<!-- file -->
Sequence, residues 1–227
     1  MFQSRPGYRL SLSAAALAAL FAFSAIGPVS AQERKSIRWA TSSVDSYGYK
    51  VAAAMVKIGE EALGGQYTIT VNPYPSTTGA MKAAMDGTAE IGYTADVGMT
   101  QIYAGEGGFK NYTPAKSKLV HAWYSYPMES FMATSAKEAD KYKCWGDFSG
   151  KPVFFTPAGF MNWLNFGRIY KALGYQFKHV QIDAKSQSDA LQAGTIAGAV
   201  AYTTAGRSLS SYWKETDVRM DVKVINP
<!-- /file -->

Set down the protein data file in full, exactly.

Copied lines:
Sequence, residues 1–227
     1  MFQSRPGYRL SLSAAALAAL FAFSAIGPVS AQERKSIRWA TSSVDSYGYK
    51  VAAAMVKIGE EALGGQYTIT VNPYPSTTGA MKAAMDGTAE IGYTADVGMT
   101  QIYAGEGGFK NYTPAKSKLV HAWYSYPMES FMATSAKEAD KYKCWGDFSG
   151  KPVFFTPAGF MNWLNFGRIY KALGYQFKHV QIDAKSQSDA LQAGTIAGAV
   201  AYTTAGRSLS SYWKETDVRM DVKVINP